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Why does the gad-fly sting the cattle?

The Story of God, St. Peter and the Lazy Shepherd.

IN OLDEN times God and St. Peter used to walk about in the world, to see what was happening, and how the world was going on. And after they had seen what happened in one province, they used to go to another.

               Once upon a time, after leaving a certain village, they got into a deep and dark forest. Walking along for a while, they lost their way, and did not know how to get out of it. Tired and hungry, they walked on, lost in that thick and gloomy wood, when suddenly before them they saw a field, in which grass and flowers were growing and herds of cattle were feeding. The cowherd lay fast asleep under the shadow of a tree. He could take it easily, for the cattle were not suffering from flies, and were wandering quietly about the field. God and St. Peter rejoiced greatly when they saw a man lying there. They went up to him and woke him, and asked him to tell them the way which would take them out of the forest. The cowherd, being asked by God which was the quickest road, did not even lift up his head to give a polite answer. But lying outstretched on the grass, he merely moved his right leg and, half asleep and lazy as he was, and pointing in one direction, said, "If you wish to get out to the world of men, just go that way and you will get there." Then, turning over on the other side, he again fell asleep.

               God and St. Peter, resenting the rudeness of the cowherd, said, "Are these, then, thy manners? Very well, thou wilt no longer be lazy from this day onwards. Thy cattle will no longer feed quietly; the gad-fly, which I am sending, will sting them, and they will run like mad whither their feet and their eyes will carry them." And so it happened. The gad-fly came and the cows and oxen suddenly started running like mad in all directions, and so it has remained to this very day.

               The cowherd, when he saw the cattle running like mad things with their tails in the air, jumped up like one stung to madness, and started running after them to bring them back. But in vain, for the cattle, which had run away as quickly as you strike a spark from the flint, entered into a swamp.

               After they had thus punished the cowherd, God and St. Peter went on walking without knowing whither they were going. So again, after a long walk in that same forest, they came to another meadow, where a shepherd tended his flock of sheep. But the sheep were running all the time so fast that you could not see their legs. Hither and thither they went, and the shepherd after them, out of breath, and the sweat running down his face, hoping that he might get them together. But the sheep were as if they had been bewitched, so fast did they run. And whilst the shepherd could scarcely keep on his legs, and the sweat was standing on his forehead like beads, God and St. Peter approached him and asked him which was the way they were to go to come back to this world. Although he was dead tired and hot, the shepherd none the less stopped still and, wiping his face with the sleeve of his shirt, said:

               "Please, take that way, for if you follow that road, you will soon get to the end of the forest."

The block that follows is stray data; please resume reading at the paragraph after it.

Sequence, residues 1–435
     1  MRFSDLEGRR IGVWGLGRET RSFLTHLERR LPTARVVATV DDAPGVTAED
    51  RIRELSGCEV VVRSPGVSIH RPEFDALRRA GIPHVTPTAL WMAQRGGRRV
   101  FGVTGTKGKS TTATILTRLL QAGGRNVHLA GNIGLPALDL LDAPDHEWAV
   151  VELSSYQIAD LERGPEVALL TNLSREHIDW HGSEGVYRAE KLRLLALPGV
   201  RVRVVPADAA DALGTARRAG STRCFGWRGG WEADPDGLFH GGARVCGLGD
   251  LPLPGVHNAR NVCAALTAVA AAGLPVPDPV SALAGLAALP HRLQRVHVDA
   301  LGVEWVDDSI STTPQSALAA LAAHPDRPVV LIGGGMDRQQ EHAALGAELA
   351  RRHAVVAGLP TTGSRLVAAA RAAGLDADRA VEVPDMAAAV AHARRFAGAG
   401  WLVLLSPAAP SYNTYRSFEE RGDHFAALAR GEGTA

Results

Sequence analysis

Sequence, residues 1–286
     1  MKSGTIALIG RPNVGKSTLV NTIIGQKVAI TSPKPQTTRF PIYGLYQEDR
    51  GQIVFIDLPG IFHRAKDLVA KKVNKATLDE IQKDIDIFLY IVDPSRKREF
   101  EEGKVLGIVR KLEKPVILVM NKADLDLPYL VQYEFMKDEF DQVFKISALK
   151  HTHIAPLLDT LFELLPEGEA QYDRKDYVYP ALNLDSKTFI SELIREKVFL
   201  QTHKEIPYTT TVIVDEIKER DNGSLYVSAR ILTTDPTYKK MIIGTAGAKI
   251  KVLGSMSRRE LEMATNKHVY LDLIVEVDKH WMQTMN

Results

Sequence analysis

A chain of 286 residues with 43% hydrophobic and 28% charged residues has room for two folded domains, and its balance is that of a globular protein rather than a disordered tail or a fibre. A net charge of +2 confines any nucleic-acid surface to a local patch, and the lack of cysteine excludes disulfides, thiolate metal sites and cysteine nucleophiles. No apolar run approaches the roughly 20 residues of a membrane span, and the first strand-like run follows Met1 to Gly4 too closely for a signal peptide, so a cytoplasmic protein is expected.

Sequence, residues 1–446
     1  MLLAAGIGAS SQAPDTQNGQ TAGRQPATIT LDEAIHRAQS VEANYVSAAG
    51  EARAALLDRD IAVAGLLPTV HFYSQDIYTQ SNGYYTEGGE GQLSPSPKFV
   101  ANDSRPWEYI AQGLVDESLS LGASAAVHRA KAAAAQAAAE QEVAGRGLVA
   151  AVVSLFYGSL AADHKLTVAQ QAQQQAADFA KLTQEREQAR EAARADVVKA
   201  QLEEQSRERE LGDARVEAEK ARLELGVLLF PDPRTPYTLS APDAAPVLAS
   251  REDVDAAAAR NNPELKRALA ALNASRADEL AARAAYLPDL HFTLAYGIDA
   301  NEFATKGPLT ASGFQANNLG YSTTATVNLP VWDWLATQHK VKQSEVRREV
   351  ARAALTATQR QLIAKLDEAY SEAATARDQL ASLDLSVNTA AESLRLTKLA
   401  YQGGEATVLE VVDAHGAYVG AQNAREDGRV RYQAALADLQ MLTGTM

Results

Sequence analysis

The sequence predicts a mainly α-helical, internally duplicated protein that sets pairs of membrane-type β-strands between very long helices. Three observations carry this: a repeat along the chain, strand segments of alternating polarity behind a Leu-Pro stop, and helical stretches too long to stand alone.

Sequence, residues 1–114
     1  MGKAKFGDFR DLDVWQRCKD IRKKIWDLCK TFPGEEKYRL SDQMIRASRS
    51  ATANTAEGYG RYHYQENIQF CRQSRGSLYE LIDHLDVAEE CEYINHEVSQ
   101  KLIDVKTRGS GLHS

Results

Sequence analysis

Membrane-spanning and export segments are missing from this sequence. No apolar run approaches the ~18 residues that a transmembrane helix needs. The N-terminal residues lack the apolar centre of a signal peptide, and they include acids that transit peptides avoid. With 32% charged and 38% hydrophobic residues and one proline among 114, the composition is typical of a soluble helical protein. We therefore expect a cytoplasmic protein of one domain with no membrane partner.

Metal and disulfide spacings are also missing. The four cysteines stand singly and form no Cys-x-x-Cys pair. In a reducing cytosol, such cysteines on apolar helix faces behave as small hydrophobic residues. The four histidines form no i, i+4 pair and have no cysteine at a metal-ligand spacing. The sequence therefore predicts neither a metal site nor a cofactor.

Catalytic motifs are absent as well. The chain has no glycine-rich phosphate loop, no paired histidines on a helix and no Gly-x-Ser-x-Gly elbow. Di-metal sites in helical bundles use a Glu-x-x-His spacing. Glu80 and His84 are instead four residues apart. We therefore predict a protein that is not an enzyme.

They took the way he showed them, and soon they found themselves in this world. And God said to his companion:

               "From this day onward, the flock of this shepherd, who has given us good advice, so courteously, shall no longer suffer from the gad-fly (and the running madness), and they shall only run at times of rain and wind. They will henceforth feed quietly, and the shepherd also will be able to sit down and play his pipe." And from that day on the sheep feed quietly, and the shepherd can tend them in peace and comfort, for the sheep do not suffer from the gad-fly (Hypoderma bovis), whilst the cowherds must weary their legs, as otherwise their cattle would disappear.

There is a Macedonian variation:

ONCE upon a time God changed into a very old man. Walking one day in a terrific heat, he met a cowherd and asked him for a drop of water, for he said he would die of thirst. "Die," replied the cowboy, and would neither give him a drop of water nor tell him where to find it.

               God found afterwards a shepherd hotly pursuing his sheep, and the perspiration running down him. "Give me a drop of water, for I die," said God.

               "I give you willingly, but my sheep have run away and I do not know how to gather them"; and going to a fountain at the foot of a hill he took some in his fur cap and gave him to drink. God gathered the sheep, and blessed them to be God's flock, who should never henceforth separate on the road or be scattered. Remembering the cowherd, he cursed him and said: "The gad-fly is always to scatter his herd just when the heat is greatest, so that he may run like mad."

               Therefore the sheep always walk together in flocks, and gather together in hot summer weather in the shade. And for that reason the oxen are driven mad by the fly in the hot season, and they run like mad as if they were ridden by devils. The cowherd has to run after them, and there are but few fountains in Thessaly from which to slacken his thirst.

Bibliographic Information

Tale Title: Why does the gad-fly sting the cattle?
Tale Author/Editor: Gaster, Moses
Book Title: Rumanian Bird and Beast Stories
Book Author/Editor: Gaster, Moses
Publisher: Sidgwick & Jackson
Publication City: London
Year of Publication: 1915
Country of Origin: Romania
Classification: unclassified

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